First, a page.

On balance, Millennials believe their wages to be a poor representation of the work they put in–this poses a huge problem. Validation rivals most monetary incentives from where I sit, especially to those of us being compensating for doing the things we’re passionate about. A failure on the employers part to satisfy pangs of ego (not that they ought to) seems to be resulting in workers miserably submitting to mediocrity in the fields they’re falling out of love with.

recently wrote about the effect the college myth has had on our evaluation of meaningful careers. The erroneous equivocation of degrees and wages, caused many people to lose sight of what it was they needed to feel satisfied at work – when education becomes a means to economic stability, identity tends to get lost in the exchange.

There is a wealth of reasons to be miserable at work outside of the existential ones, of course. Factors like the commute, stagnation, your coworkers, your boss, long-hours,  also play crucial roles over time.

Performative workaholism and pervasive career malaise have melded, giving way to the most depressed labor ecosystem in decades. In a recent study, 63% of Americans said that their job caused them to engage in unhealthy behavior, like crying and or drinking. Work-related stress also rivals diabetes as a heart disease risk factor.

Care about your job, Be passionate about yourself

According to and 

The book mentions 7 key authors of our daily work anxiety, Fosslien and Mollie call them the “7 deadly stresses:” obsessing about email on vacation, the scope creep (continuous arbitrary growth in a project’s scope), unpredictable schedules, the information firehouse, sleep deprivation, unrealistic deadlines, and social isolation.

On the subject, they state: “Letting your job consume you is unhelpful and unhealthy. It makes small problems seem exceptional and places too much emphasis on casual conversations and interactions.”

They believe that caring less is not only personally relieving, it also makes you less likely to produce panicky incompetent work. The same impulse that will see you turn off your phone so that you can be more engaged in your life outside of work, will dually foster a clear and level headed mind ready to be productive the following morning. They emphasize that being “less passionate” about work doesn’t mean not caring; you should simply care about yourself more.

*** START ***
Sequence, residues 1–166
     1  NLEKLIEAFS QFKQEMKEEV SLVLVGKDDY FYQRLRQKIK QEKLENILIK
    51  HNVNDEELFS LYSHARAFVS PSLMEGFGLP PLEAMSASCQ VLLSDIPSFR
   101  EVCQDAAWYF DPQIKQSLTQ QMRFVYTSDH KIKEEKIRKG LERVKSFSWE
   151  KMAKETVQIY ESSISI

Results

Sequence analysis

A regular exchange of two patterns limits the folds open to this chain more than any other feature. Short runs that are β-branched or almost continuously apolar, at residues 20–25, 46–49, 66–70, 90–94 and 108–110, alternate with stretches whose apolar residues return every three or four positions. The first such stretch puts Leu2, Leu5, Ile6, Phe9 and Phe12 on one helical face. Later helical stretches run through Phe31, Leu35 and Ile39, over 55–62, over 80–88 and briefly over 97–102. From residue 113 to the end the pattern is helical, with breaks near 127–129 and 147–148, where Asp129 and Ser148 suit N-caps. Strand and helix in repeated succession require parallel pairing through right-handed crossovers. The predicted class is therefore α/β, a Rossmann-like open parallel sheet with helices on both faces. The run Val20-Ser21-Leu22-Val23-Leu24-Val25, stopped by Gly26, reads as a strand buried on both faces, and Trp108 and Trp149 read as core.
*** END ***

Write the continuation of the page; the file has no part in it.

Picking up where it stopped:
When you leave work, they suggest you ensure you truly “leave” by adhering to these helpful stipulations: only touch email once, allow one day a week to be completely dedicated to catching up (don’t take on any new task), make room for mini-breaks, and establish an after-work ritual, like bike riding home – something that can serve both mental and physical stimulation.

Unwanted Thoughts? Don’t Try to Suppress Them

Author Article

Consider every long song you hear on the radio. How many begin or end with the lyrics, “I can’t get you out of mind”? The human brain is conditioned to obsess — its negative bias makes us worry and fret. Despite our valiant efforts to shift our thoughts, they follow us into the shower and to work meetings.

The Untamed Thought

It’s time to accept the good/bad news: Thought suppression doesn’t work. The harder you try to eliminate something from your mind, the more likely it will stalk you.

1943 study published in the Social Science Research Council Bulletin, for example, found that people instructed to avoid making color associations with stimulus words were unable to stop the associations, even when threatened with shock for doing so.

More recently, Gordan Logan and Carol Barber published a study in the Bulletin of the Psychonomic Society, detailing an experiment to determine whether a stop-signal procedure is sensitive enough to detect the presence of inhibited thoughts. Their results showed that the stop-signal can, in fact, pick up on inhibited thoughts, even when a person is immersed in a complex task.

The White Bear Study

By far the most famous and fascinating study on thought suppression was the one led by Daniel Wegner in 1987, published in the Journal of Personality & Social Psychology. Wegner, a social psychologist, wanted to test a quote he came across in Fyodor Dostoevsky’s “Winter Notes on Summer Suppression,” which said, “Try to pose for yourself this task: not to think of a polar bear, and you will see that the cursed thing will come to mind every minute.”